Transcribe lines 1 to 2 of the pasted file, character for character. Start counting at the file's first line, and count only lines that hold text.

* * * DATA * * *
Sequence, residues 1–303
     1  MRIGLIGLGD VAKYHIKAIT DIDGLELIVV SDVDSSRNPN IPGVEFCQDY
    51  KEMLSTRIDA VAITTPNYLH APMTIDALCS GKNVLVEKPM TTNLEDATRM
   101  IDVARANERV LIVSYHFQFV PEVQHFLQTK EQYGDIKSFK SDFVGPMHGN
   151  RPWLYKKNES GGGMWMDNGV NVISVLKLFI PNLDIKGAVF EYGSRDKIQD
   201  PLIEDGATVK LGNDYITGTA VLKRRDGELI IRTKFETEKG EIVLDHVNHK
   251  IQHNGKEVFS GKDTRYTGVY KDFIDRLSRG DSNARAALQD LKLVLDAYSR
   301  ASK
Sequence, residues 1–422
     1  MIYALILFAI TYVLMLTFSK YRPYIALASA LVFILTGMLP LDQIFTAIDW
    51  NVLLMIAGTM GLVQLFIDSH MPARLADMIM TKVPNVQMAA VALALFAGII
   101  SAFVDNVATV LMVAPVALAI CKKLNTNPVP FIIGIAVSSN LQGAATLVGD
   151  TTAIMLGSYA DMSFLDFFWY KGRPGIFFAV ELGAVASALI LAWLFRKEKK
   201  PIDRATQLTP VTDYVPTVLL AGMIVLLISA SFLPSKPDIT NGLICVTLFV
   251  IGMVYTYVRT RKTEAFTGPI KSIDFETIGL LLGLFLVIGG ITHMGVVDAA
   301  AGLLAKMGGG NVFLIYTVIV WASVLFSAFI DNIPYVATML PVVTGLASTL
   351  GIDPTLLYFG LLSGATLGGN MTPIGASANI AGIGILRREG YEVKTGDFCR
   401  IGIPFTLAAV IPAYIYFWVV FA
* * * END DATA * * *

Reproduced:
Sequence, residues 1–303
     1  MRIGLIGLGD VAKYHIKAIT DIDGLELIVV SDVDSSRNPN IPGVEFCQDY